10 Tricks and Tips for Running at Night
With the days getting shorter and darker, you might wonder how to squeeze your run in during the daylight hours. Here’s some good news: You don’t have to.
In fact, you might find running at night is exactly what you need. It offers a beautiful, peaceful, refreshing, and tranquil atmosphere, helping you potentially achieve new personal bests and enjoy each run to the fullest. We love running so much we even launched our own night race the Moonlight on the Falls Marathon at the end of August.
With the right preparation, running at night can get you that much closer to your running goals. The cooler temperatures don’t hurt either. So, let’s explore our top 10 tricks and tips for running at night, allowing you to make the most out of those darker and busier days.
Tip #1: Invest in the Right Gear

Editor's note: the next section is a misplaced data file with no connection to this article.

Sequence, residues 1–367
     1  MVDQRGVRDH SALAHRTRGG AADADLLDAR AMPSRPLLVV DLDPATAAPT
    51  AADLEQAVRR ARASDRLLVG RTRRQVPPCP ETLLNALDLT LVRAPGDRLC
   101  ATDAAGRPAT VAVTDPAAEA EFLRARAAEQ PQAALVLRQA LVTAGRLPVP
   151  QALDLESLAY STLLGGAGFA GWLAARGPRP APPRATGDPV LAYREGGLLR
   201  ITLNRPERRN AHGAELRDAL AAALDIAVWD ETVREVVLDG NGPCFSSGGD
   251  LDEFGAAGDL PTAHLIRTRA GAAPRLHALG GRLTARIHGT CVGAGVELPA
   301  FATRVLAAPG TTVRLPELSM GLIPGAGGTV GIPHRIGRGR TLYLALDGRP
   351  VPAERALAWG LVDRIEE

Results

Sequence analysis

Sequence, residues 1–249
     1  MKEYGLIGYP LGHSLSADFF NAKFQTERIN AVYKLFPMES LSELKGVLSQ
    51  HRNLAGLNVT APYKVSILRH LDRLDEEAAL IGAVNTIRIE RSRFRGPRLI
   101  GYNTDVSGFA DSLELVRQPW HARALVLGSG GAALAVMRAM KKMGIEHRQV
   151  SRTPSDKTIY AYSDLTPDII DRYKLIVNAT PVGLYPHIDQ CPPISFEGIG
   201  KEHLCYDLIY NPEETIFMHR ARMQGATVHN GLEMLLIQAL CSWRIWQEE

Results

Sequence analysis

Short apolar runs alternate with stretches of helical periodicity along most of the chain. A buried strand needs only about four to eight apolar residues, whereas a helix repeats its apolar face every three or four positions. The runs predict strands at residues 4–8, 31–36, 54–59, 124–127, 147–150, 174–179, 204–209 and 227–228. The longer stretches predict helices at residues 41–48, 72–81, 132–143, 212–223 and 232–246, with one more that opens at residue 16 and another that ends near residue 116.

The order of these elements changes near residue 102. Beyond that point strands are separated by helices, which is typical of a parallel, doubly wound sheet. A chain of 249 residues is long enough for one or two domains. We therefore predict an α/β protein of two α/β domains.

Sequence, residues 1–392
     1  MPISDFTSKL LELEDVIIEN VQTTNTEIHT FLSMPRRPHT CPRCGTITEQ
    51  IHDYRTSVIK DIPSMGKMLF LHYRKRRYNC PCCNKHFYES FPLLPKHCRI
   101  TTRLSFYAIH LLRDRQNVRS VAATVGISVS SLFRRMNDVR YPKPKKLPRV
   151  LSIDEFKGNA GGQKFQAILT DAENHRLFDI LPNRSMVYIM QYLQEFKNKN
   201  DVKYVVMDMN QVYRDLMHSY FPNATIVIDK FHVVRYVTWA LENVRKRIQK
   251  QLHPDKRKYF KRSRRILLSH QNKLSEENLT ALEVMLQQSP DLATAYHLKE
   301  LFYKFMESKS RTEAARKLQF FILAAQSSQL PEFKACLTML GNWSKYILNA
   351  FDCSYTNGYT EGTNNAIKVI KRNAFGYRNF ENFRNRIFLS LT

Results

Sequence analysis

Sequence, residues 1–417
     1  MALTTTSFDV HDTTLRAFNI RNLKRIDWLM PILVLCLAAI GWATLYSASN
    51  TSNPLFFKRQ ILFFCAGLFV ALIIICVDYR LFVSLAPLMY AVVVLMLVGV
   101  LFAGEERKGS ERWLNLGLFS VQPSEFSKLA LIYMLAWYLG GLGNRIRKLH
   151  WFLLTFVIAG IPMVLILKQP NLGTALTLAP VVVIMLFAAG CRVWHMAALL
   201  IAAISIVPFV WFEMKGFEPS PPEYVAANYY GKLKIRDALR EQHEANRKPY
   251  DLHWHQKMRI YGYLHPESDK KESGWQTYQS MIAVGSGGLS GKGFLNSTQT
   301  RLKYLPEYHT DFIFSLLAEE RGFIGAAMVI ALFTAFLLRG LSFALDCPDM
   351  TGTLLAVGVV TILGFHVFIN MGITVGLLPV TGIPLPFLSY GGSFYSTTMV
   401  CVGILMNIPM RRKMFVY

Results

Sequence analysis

The stary nights offer a beautiful canopy for a run. However, the darkness also reduces visibility for drivers and cyclists alike.
Before you head out on any night run, you’ll want to ensure you invest in the right gear. Some items you’ll want to consider include:
- A Reflective Vest (or a vest, like Noxgear, that is lit) – This increases your visibility for cars and cyclists. You want others to be able to spot you from far away!
- Head Lamps or Flashlights – Even when running on pavement, you can encounter potholes or poor terrain. Being able to see where you’re going via a headlamp or flashlight, can help you thwart falls or injury.
- Strobe Lights – The goal is, basically, to stay as visible as possible. Attaching lights or flashing lights to your arms or body can help make you more visible to those passing by on a bike or in a car.
Safety is your top priority when running at night. Make sure you have lights that make you easily identifiable.
On top of this, depending on where you live, you may want to consider warmer running clothes. At night, the temperature drops and the sun goes down, leaving it a little chillier than you might be used to.
Tip #2: Know Your Route
While exploring is wonderful and fun, at night, it’s best to stick to a simple route that you know well and one where you won’t get lost. With a route you know, you can plan for obstacles or avoid them altogether.